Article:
Businesses hurt by ice storm to get aid
During the ice storm on Dec. 11, a large tree crashed through the roof of Kim Meikle’s dog-grooming business in Hudson.
The business took quite a hit, Meikle said. The holidays are a busy time of year for dog groomers, as Fido and Fifi must be looking their best.
So there it was, the busiest and most profitable month of the year, and Dunk N’ Dogs had to close for a week.
“That month will always bring us ahead. Even in a slow economy we count on Christmas,” Meikle said. “Any other time it wouldn’t have impacted us as hard as it did.”
“We took a huge hit . . . and we’re still not recovered,” she added. “The storm really knocked us for a loop; it really did.”
So, Meikle was excited to hear Friday that the Small Business Administration has approved Governor John Lynch’s request for emergency assistance for business and non-profits that were affected by the storm.
Lynch requested the assistance Feb. 20, and the SBA announced Friday that it had approved a disaster declaration for the storm covering Belknap, Carroll, Cheshire, Coos, Grafton, Hillsborough, Merrimack, Rockingham, Strafford and Sullivan counties in New Hampshire; Essex, Middlesex and Worcester counties in Massachusetts; York County in Maine and Caledonia, Essex, Orange and Windsor counties in Vermont.
Eligible small businesses and most private, non-profit organizations of all sizes can qualify for loans up to $2 million, and the total amount of funds available is unlimited, SBA spokesman Michael Lampton said.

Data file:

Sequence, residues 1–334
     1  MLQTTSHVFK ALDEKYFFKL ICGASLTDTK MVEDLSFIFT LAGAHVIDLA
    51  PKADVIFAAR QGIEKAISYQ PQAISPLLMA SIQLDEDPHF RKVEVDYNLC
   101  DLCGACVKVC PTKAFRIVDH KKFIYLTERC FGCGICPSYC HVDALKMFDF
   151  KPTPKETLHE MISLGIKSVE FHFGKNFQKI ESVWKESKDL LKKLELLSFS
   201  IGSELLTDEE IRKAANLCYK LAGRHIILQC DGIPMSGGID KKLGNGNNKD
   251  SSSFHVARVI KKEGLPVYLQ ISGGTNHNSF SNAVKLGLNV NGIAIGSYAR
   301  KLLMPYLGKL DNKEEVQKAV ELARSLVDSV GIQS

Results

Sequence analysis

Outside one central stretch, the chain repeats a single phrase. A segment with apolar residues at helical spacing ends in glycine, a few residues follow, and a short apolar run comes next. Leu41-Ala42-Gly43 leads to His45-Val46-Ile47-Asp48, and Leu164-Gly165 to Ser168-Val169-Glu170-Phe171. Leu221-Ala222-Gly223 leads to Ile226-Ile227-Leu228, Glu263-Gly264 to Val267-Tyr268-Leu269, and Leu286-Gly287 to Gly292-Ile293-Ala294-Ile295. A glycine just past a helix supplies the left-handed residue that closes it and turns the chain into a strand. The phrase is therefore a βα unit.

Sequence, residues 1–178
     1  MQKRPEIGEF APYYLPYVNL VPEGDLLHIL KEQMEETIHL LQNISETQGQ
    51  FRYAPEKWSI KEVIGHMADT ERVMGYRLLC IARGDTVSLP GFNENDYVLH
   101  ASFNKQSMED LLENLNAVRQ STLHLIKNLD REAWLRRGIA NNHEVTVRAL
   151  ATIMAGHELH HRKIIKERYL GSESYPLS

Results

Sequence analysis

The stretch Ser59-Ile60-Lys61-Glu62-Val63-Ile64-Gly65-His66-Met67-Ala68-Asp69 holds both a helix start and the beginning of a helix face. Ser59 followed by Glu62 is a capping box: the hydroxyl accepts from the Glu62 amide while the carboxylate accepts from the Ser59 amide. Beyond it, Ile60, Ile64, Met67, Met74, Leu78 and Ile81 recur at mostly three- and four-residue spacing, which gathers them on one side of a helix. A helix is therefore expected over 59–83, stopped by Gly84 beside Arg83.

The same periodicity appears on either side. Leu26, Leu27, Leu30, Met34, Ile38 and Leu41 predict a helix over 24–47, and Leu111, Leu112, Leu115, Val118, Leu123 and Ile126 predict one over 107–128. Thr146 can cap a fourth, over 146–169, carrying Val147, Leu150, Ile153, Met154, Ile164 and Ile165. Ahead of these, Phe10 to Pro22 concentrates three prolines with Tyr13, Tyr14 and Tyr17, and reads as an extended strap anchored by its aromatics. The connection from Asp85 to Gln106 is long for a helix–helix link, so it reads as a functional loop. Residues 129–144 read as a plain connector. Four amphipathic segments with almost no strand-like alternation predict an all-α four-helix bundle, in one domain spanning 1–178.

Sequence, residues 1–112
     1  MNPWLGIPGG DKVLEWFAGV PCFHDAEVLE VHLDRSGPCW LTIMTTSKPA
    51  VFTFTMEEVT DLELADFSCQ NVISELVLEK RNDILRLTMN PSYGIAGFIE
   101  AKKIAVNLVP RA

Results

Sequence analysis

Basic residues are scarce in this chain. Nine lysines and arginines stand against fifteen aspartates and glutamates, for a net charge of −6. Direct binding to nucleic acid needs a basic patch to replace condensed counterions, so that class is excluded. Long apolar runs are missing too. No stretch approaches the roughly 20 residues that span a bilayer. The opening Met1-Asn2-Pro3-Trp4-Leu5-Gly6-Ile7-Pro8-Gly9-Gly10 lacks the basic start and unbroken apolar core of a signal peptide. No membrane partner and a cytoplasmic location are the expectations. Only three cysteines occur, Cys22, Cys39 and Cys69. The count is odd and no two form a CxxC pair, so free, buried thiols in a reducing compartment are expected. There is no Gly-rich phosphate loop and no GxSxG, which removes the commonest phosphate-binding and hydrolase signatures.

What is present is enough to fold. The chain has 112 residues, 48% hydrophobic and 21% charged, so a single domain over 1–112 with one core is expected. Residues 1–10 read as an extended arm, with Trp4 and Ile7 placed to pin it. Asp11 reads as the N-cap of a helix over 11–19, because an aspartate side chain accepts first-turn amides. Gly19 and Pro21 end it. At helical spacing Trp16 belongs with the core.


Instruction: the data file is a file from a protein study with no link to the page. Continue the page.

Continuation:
“The assistance will be only to make repairs or replenish lost revenues due to this disaster,” Lampton said. “It has to be directly attributable to the ice storm.”
The SBA will fund as many loans as qualify, he said.
“It’s unlimited; it’s based on need,” Lampton said.
The SBA determines eligibility and the loan terms and amounts based on the size and type of the business, and its financial condition, but in general, Lampton said, business can get a 30-year loan at 4 percent interest.
“I would dare say you couldn’t go out and get a commercial loan at 4 percent in today’s market,” he said.
Applications and program information are available by calling the SBA’s Customer Service Center at 1-800-659-2955 (1-800-877-8339 for the hearing impaired), Monday through Friday from 8 a.m. to 9 p.m., Saturday, from 9 a.m. to 9 p.m., or by sending an e-mail to firstname.lastname@example.org.
Business loan applications can also be downloaded from the SBA Web site at www.sba.gov/services/disasterassistance.
The deadline to apply for the loans is return economic injury applications is December 5, 2009.